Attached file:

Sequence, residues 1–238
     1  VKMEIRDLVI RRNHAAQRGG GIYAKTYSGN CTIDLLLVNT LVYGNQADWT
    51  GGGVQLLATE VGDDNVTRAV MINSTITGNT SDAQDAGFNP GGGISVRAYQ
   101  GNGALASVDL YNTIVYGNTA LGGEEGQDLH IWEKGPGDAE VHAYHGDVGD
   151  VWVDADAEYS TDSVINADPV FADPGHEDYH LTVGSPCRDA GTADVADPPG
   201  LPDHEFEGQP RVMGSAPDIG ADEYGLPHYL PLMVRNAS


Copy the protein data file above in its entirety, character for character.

Sequence, residues 1–238
     1  VKMEIRDLVI RRNHAAQRGG GIYAKTYSGN CTIDLLLVNT LVYGNQADWT
    51  GGGVQLLATE VGDDNVTRAV MINSTITGNT SDAQDAGFNP GGGISVRAYQ
   101  GNGALASVDL YNTIVYGNTA LGGEEGQDLH IWEKGPGDAE VHAYHGDVGD
   151  VWVDADAEYS TDSVINADPV FADPGHEDYH LTVGSPCRDA GTADVADPPG
   201  LPDHEFEGQP RVMGSAPDIG ADEYGLPHYL PLMVRNAS